Runyan, Tania. What Will Soon Take Place. Paraclete. Dec. 2017. 96p.
ISBN 9781612618579. pap. $18.
Wallace, Jennifer. Almost Entirely. Paraclete. Nov. 2017. 128p.
ISBN 9781612618593. pap. $18. POETRY
Although faith and prayer seem natural fonts of poetry (think of all those Psalms), they are likely now to be mutually uncomprehending fields: most contemporary poets are unbelievers, and your neighbor in the pew rarely reads a poem that isn’t a hymn. There are grand exceptions, of course—Welsh poet-priest R.S. Thomas, American poets Denise Levertov and Christian Wiman—but still, Christian poets live in a thin overlap of contrasted communities. Paraclete Press has been publishing an increasingly adventurous catalog of contemporary poetry, ranging from the late Phyllis Tickle, one of the guiding spirits of the press, to Scott Cairns and Paul Mariani.
Runyan’s work fits readily into the mode of the new poetry, with its zingy diction and the fizz of pop-culture references (Facebook, NASA, My Little Pony). Her latest volume might be considered a sequel of sorts to the earlier Second Sky and A Thousand Vessels; she has been developing a method of juxtaposing biblical stories and verses with an aggressively of-the-times voice. Here, her inspiration is no less than the Book of Revelation, which is itself a vision of what will take place. She follows that disturbing prophesy almost chapter by chapter, populating its archaic strangeness with the anxieties and rot of our world, including a swearing Jesus, filth, desire, and vomit. Runyan is at her best at her darkest and wittiest, as in the poem, “The Great Harlot Takes a Selfie,” whom “software won’t block,” or the final piece, “Coming Soon,” which re-creates the New Eden as “backspacing into a garden/ before serpents unspooled from trees,/ before I positioned ficus leaves/ around my hips.”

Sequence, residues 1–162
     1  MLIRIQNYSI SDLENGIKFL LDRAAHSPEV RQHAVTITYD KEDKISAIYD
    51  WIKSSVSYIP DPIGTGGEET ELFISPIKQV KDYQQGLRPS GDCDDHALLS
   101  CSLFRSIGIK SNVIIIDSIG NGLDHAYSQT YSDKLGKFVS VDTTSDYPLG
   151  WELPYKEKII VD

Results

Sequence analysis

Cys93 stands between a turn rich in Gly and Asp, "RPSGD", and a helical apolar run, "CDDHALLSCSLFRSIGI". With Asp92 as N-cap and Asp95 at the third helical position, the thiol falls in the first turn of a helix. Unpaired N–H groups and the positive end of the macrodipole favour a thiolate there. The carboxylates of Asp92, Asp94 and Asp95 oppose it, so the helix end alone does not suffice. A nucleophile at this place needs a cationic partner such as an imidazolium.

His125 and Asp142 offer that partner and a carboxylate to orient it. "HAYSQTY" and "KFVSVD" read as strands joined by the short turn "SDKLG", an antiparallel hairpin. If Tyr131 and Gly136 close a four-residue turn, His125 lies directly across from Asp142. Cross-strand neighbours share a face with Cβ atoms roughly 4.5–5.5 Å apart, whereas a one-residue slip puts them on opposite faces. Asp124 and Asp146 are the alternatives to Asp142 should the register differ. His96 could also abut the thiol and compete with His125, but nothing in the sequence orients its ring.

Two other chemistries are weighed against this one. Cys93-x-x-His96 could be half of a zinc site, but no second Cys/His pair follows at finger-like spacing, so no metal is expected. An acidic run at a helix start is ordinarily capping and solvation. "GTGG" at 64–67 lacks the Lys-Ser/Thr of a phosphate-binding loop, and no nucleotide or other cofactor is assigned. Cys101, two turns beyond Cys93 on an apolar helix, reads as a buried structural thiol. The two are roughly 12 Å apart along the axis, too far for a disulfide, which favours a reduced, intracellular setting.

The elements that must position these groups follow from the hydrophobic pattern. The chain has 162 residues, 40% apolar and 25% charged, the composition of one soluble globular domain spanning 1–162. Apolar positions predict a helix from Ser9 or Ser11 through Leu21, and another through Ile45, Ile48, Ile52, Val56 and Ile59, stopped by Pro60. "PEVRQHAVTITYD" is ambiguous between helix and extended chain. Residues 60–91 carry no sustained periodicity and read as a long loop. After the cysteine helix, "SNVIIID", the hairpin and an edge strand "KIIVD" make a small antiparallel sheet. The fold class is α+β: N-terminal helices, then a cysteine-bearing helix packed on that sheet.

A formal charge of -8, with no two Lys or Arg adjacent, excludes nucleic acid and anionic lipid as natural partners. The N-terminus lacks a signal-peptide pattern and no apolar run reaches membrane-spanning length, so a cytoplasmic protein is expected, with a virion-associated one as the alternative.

Wallace’s new collection is a stark book: sincere in its continual engagement with doubt, silence, absence, and loneliness. The author concedes in her epigraph that she struggles to reconcile faith and her “Western mind”; her Triton, rather like Wordsworth’s, is to “deliver us from our unbelief.” Her God, a post-Kierkegaardian challenge, stimulates both a poetry and a faith in her that is “a dense hollowness,” the only respites seeming to come from friendship, love, and natural scenes, vividly and respectfully glimpsed. VERDICT Paraclete has done itself proud with their two finest poets to date, the direct and heartbreaking Wallace and the acerbic, accomplished Runyan.
—Graham Christian, formerly with Andover-Harvard Theological Lib., Cambridge, MA